Despite The Hype, E-Commerce Sales Stats From This Holiday Season Show Flat Percentage Growth

Amidst all of the reports this week detailing record-breaking revenue for the start of the holiday shopping season, one critical point has been overshadowed. While E-Commerce sales have indeed been strong, the rate of increase has been essentially flat for the third year in a row. Indeed, the rate of increase of sales this year is projected to be lower than either of the other two most recent years.

EMarketer's comparison stats only go back to 2007, showing a 19.4 growth in 2007's holiday season, an unusual drop in 2008 (-7.8 percent) and then three similar growth stats for 2009( 16.9 percent), 2010 (17.4 percent) and 2011 (16.8 percent).

Statistics being statistics, they can mean whatever we want them to mean. On the happy side, in this economy, a steady 16-17 percent annual growth rate is pretty nice. And given the steady (other than 2008) E-Commerce revenue increases through this year's projected $46.7 billion online holiday season, the slight drop of growth percentage is certainly acceptable.

But with the revenue hype fest that has been going on the last few days, it's worth remembering that this year is simply projected to have the same kind of season-over-season growth that it's enjoyed the last couple of years.

The more interesting question is the degree that these E-Commerce numbers reflect cannibalization of in-store sales. Figuring that out will get even more difficult as we expect a lot of analyst houses to try breaking out mobile (smartphone and tablet) figures next year.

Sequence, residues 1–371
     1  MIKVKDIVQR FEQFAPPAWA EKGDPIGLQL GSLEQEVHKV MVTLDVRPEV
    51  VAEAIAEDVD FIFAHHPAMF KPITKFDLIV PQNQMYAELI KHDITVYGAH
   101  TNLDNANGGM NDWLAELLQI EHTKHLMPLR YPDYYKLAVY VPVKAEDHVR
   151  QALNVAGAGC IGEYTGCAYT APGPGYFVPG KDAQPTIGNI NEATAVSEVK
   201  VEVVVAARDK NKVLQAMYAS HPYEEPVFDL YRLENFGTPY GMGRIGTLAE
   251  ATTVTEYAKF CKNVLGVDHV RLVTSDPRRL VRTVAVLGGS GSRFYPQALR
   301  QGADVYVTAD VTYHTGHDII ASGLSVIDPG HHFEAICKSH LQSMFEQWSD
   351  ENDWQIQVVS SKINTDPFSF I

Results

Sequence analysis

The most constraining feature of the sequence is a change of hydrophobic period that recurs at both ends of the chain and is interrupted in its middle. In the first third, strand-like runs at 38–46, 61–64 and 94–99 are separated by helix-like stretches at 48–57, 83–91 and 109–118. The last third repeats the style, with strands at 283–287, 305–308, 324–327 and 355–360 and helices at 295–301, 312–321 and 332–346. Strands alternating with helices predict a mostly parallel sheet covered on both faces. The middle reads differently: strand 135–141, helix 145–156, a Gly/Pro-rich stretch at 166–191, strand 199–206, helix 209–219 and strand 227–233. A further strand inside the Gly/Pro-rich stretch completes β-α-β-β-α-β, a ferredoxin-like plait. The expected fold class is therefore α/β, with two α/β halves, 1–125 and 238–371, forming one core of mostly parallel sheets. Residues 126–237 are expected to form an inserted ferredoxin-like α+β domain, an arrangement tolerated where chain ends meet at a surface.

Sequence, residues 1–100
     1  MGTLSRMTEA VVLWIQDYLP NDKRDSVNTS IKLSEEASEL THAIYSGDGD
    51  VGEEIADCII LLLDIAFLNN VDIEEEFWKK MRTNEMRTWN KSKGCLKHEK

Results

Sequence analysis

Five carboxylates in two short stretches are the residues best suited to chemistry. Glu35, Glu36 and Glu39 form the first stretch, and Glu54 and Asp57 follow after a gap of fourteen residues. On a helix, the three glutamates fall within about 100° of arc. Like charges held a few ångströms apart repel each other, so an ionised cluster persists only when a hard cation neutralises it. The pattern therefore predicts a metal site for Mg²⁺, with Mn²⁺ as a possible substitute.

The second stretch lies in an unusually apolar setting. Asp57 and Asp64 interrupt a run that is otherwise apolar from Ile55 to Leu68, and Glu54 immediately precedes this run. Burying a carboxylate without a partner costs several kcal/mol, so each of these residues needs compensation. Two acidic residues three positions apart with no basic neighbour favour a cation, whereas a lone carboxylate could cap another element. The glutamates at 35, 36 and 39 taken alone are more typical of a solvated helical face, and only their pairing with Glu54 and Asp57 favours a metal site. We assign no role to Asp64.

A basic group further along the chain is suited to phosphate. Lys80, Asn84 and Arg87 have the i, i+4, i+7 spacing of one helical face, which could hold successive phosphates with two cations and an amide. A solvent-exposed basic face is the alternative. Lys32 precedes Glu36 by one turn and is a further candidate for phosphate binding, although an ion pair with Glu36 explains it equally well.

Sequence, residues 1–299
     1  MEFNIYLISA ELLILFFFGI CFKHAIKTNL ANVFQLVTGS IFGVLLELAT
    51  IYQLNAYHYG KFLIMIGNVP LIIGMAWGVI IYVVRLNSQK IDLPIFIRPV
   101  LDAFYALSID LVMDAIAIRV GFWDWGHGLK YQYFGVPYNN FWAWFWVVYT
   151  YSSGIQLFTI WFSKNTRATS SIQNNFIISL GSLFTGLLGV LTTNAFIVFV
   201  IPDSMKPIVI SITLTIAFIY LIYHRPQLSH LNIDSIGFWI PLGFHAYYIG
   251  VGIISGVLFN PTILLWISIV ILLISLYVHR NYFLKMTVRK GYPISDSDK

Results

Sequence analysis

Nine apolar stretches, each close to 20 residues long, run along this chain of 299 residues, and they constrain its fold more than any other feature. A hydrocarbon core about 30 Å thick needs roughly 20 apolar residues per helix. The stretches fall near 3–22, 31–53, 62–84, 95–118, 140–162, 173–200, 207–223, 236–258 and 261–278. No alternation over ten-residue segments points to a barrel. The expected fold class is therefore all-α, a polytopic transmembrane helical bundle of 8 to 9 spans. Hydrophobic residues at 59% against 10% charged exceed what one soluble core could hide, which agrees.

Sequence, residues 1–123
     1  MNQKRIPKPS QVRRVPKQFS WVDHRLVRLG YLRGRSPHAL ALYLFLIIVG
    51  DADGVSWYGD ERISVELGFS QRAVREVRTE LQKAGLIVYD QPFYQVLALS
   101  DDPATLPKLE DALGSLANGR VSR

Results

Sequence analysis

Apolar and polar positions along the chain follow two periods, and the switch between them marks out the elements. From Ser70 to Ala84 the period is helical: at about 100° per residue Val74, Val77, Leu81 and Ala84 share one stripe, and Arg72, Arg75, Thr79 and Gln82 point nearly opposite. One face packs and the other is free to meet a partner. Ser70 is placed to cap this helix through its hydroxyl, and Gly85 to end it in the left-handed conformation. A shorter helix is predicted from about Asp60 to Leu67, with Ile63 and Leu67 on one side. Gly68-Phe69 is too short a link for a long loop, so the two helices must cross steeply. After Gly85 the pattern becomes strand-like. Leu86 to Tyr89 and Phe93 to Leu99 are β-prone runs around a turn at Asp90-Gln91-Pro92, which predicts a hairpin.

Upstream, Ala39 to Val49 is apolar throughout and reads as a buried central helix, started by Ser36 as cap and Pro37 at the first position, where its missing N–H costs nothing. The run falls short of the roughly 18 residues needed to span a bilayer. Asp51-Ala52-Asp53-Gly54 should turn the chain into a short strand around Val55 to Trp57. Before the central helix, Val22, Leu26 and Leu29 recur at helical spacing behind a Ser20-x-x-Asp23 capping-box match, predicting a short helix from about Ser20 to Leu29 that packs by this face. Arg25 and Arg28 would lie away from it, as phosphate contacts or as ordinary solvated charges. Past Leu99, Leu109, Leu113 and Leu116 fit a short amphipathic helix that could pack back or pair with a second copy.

There are two issues behind this. First, theoretically, a dollar in revenue should be more profitable if it's generated online than if it happens instore. The reality is that is only true if the chain is shifting enough sales to online to justify reduction in in-store personnel and closing/shrinking stores.

The second issue is where those E-Commerce sales are coming from. Are those sales that would have otherwise happened in-store? Are they coming from sales that would have otherwise gone to rivals? And are those convenient online sales costing you millions in lost in-store impulse purchases?

EMarketer analyst Jeffrey Grau pointed out another cautionary note to this week's exuberant numbers. Given the strength of discounting, he's seeing evidence of consumers merely pushing a higher percentage of their overall holiday purchases in these first few days. "People are loading up early," Grau said, which suggests the early strong numbers will be balanced out by weaker numbers for some of the season's remaining shopping days. That's why he's projecting that, when all is wrapped by Dec. 25, the percent increase this year will be roughly the same as last year and the year before.

Bottom line: the E-Commerce stats are nice, but don't get cocky.